I am fresh back from a week on the beach, and my head is NOISY. On my week off, I read 4 books and worked on my own book, and made wild mindmappy notes on several other major projects. Now I'm back and behind in some ways and open to change and there are people to meet and wow, it's loud in here.
Now I have a choice.
I know how to make it quiet and I know that quiet feels good. Part of what I am doing in writing this post is reaching for some quiet so I can feel productive.
I have been reading Imagine by Jonah Lehrer. It contains a useful reminder that what feels good and what looks productive and what really works might all be different. I can look productive and feel good in the quiet. The noise is probably making me better.
It's like covering the entire wall with post-it notes and pictures and diagrams in many different shapes and sizes and colours. The wall reminds me that everything fits. In my head, that wall sounds noisy and dissonant. It's the dissonance, that sense of noise, that means that everything is still in play. I can make it quiet, deliberately. It's a skill that I own. But if I use it too soon, I'll miss something I need.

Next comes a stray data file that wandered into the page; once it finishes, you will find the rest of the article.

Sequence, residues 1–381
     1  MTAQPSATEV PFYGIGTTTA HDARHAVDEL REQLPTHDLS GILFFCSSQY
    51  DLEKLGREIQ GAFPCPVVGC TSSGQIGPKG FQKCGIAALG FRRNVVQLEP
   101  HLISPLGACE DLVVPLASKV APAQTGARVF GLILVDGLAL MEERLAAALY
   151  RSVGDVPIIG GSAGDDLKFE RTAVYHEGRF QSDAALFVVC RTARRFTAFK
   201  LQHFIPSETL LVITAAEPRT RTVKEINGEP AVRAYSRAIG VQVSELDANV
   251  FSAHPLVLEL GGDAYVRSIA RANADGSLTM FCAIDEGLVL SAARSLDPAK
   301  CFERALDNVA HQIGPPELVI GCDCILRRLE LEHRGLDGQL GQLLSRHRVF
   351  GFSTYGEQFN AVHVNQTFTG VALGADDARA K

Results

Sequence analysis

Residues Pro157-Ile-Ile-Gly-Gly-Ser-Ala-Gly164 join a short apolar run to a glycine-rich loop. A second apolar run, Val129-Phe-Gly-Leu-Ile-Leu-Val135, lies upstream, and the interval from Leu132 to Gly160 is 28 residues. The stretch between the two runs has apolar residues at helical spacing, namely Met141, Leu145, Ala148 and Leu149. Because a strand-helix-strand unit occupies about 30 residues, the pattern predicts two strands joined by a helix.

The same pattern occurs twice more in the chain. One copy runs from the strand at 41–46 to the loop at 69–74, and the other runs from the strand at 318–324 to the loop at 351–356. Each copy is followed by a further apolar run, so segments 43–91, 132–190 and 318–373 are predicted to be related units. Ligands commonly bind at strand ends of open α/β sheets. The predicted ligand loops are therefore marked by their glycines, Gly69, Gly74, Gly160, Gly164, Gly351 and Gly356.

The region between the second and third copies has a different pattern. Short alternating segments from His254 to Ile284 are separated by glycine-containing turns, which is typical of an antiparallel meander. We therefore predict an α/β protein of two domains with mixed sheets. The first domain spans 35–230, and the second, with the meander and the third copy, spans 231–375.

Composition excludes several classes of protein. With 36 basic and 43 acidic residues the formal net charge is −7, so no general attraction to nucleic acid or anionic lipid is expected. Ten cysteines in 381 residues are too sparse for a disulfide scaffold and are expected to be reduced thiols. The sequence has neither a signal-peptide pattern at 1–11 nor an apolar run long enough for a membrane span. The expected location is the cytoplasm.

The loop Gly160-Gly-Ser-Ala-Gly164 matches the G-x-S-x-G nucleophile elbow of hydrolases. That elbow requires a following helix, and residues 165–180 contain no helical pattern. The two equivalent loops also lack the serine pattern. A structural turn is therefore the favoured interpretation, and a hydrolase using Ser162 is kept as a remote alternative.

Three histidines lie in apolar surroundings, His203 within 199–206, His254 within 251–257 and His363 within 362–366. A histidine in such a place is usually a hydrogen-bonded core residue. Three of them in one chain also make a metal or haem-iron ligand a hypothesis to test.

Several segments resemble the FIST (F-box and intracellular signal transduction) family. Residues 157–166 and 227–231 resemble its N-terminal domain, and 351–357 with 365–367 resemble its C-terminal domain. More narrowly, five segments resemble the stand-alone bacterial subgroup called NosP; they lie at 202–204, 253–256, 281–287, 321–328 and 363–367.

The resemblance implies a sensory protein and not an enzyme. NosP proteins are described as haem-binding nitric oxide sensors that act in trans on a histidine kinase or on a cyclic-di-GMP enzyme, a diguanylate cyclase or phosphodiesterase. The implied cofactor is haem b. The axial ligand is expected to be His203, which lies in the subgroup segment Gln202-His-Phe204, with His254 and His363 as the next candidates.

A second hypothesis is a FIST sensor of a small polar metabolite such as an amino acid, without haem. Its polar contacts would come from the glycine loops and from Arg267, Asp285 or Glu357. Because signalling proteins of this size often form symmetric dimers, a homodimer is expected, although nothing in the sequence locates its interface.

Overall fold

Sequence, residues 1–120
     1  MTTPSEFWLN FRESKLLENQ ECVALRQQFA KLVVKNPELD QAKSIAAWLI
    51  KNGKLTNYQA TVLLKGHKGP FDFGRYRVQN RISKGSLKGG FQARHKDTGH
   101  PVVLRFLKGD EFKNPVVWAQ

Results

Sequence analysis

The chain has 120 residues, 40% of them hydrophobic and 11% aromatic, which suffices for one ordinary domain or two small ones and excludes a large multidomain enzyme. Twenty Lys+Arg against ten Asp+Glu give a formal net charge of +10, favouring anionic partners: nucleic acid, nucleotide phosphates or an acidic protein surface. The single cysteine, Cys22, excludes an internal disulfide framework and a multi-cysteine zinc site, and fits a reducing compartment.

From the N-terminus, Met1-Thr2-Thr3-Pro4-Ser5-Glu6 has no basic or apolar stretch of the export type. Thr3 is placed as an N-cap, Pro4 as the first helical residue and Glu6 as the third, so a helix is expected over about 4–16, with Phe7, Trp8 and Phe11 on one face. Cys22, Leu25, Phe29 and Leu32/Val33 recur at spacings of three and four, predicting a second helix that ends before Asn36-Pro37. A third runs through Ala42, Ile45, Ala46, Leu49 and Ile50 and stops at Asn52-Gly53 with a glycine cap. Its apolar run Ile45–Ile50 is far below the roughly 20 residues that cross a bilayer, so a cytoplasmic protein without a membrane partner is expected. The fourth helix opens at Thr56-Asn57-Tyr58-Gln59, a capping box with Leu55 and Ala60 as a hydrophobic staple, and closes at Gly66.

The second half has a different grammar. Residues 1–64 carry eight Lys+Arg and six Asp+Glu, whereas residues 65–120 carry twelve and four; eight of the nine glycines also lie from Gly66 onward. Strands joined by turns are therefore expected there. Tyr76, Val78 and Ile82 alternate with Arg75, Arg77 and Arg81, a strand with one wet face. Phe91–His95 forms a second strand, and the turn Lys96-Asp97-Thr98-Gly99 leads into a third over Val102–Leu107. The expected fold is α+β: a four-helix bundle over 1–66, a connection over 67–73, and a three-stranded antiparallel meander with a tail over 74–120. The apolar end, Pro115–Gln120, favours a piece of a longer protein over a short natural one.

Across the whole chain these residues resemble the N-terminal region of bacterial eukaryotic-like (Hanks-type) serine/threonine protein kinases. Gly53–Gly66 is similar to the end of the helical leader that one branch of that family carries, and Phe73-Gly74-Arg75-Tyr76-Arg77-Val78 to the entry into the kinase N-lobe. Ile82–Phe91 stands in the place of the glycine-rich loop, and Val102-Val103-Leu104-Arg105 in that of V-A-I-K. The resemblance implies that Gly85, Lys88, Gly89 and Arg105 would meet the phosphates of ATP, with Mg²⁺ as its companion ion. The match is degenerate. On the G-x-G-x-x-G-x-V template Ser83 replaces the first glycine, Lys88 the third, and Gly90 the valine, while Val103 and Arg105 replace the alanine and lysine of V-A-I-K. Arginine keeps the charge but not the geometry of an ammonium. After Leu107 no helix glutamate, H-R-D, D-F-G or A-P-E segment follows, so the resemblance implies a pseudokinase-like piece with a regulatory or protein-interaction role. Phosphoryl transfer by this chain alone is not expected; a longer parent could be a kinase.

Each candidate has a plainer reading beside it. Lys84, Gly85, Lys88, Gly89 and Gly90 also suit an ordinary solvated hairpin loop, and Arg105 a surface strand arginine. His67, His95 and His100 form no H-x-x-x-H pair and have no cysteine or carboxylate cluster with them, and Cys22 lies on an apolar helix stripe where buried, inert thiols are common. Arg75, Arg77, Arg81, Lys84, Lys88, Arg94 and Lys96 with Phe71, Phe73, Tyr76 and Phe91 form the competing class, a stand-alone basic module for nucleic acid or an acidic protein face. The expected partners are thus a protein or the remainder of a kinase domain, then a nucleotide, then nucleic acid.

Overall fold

So here I am. My week of relaxing has created noise and busy-ness and a kind of low-grade tension that is almost (but not quite) a headache. And it's all good. This is what it takes for me to breakthrough to the next level.
Lots of people don't like this. They want me to be calm and comfortable and focused at all times. I have spent years feeling guilty or broken or frustrated by people who accuse me of needing chaos and unhappiness to be productive. Thank you, Jonah Lehrer, for spelling it out. It's not just me. This is the process. Most of the ideas that have changed and enriched us came from a similar kind of tension and chaos.
So - do I like the way I am experiencing the world this morning? Not so much. Am I willing to change it? Not yet. This is an angel I am willing to wrestle until I can claim a blessing from it.